Emma + Stewart #NoWrongPath Stories
This year we are taking part in the #NoWrongPath initiative to let the young people of Scotland know that as important as exam results are, if you didn’t get the grades that you were expecting at school, it is not the end of the world! At Stirling Community Enterprise we respect that no one’s journey to work is the same and that the time required to successfully can vary dramatically based on the barriers or circumstances that each individual may face. Our staff have taken time out of their busy days to share their own journey’s into their current job.
Read about Emma and Stewart’s experiences below!
Emma, Managing Director
I left school when I had just started 6th year at Dunblane High School. I was 17 years old and got a job photocopying at Prudential to save for Uni life as I had secured an unconditional offer. I then went on to Heriot Watt Uni to study Chemistry with Pharmaceutical Chemistry. I left after 3 years because by then I knew that I didn’t want a career in science anymore…noone seemed to speak and I found it hard to gel with people in my class. If you know me you’ll know that wouldn’t really work for me! During Uni I worked at Next in the menswear department and in the stock room which I loved because it developed my ability to be confident dealing with the unpredictability of the public but also challenged me to carry out quite repetitive and at times mundane but important tasks behind the scenes.
My passion however was helping young people engage in sport so I attended training and volunteered coaching sports to children with Local Councils and hockey teams and through that I got a zero hours job coaching sport and running sports events. At this time I was earning very little and so I topped up my money working as a waitress in a busy local restaurant as well as a temporary administation job with Royal Bank of Scotland. My wages only really covered the cost of my less than reliable car which enabled me to develop my skills in sport and leisure. I made amazing friends along the way and each job really did develop me in some way and taught me that I had skills that could transfer into a variety of settings.
I then did really bitty work including working part time for the Scottish Hockey Union and 3 local Councils and eventually I secured a part time temporary job in Dunbar as an Active Schools Coordinator, I remember the feeling being told I got the job…it was unbelievable. I had worked so hard, scraped many plates and sorted many a coat hanger but I did it! I worked in community leisure for over 5 years coordinating and ultimately managing physical activity and events in schools and local communities.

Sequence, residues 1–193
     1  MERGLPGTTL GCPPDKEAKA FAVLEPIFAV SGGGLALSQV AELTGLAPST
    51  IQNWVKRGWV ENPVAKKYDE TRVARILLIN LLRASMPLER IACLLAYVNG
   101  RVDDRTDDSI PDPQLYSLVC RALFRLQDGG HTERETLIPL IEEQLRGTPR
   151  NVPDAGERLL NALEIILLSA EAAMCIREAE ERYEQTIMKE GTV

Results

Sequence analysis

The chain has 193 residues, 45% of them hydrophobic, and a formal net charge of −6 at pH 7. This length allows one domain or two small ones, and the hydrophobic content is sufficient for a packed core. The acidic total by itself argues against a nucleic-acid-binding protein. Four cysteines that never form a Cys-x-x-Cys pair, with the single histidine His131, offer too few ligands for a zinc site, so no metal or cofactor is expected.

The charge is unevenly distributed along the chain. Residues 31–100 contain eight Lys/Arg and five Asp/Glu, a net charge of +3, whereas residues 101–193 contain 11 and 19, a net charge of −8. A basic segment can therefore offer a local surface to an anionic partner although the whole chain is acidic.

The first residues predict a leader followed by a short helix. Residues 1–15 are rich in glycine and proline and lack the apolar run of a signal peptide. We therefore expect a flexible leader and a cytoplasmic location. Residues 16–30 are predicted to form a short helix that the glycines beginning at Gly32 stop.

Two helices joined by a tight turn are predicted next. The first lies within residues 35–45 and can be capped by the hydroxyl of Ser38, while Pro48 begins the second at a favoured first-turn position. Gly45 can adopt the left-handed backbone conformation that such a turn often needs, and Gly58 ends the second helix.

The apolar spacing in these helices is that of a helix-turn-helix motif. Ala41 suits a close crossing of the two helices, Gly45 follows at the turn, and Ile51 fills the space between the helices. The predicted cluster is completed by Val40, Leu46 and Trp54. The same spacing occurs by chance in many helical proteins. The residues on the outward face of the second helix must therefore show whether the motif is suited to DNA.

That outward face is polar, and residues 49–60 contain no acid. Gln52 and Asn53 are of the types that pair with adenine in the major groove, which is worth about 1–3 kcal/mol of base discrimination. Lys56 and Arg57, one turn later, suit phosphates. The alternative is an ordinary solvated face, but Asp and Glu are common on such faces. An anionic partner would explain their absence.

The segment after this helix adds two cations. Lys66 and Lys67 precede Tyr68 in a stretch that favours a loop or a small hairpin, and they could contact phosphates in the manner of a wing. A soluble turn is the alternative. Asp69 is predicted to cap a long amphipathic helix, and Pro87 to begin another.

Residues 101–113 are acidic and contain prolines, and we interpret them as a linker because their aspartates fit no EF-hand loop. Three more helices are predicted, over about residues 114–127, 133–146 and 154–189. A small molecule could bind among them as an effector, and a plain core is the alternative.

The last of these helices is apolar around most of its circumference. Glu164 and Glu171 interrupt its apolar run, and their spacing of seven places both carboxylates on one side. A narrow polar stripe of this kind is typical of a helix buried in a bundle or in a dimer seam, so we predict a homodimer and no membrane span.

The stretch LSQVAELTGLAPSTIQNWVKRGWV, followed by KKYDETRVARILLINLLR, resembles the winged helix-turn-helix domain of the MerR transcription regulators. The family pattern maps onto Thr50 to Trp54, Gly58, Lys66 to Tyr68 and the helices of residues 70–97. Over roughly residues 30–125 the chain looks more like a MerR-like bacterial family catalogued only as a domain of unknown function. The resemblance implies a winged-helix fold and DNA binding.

I then moved to Stirling Community Enterprise on a 1 year contract where I was managing employability services in the local Stirling community area. Five years and a couple of internal job changes later… I’m still here!
Emma’s #NoWrongPath story shows us sometimes we are able to gain lots of valuable skills and experience through volunteering and that by identifying your transferable skills you can work in a variety of industries.
Stewart, Employability Support Worker
At school I was probably an average achiever and did not really appreciate the importance of Education. I had no worries about jobs as at that time in the 70’s jobs were a plenty. I knew that I didn’t see my future in an office so knew it would be somewhere in the open air… I had two interviews and was offered both jobs. One was for an Engineer in a local Company and the other was with the National Coal Board – the school attempted to ensure that I went for the local Company but I was swayed with the wage difference and took the apprenticeship with the Coal Board – so much for my job in the open air!!
Little did I know that as part of my apprenticeship I had to attend College one day per week- I felt like I was going back to school! It couldn’t have been further from the truth. I loved the learning as it was related to my work and I could actually make sense of the calculations and theory. So much so that I carried on after I qualified for a further 5 years.
A career path change was inevitable as I was on strike for 13 months. During this time, I applied for the Scottish Prison Service so after 10 years with the Coal Board I moved into the Scottish Prison System – again so much for my job in the open air.
The change was daunting and very scary but after 27 years it proved to be the right choice as the Coal Board very quickly diminished in size and lots of job losses materialised.
I retired in 2010 after working in 11 different establishments within Scotland and used my transferable skills to work in many different areas during my retirement. I now work with Stirling Community Enterprise, supporting those who may need help securing employment due to their own personal barriers.
Stewart’s #NoWrongPath story shows us that no career path is fixed. It is never too late to change which direction you want to follow.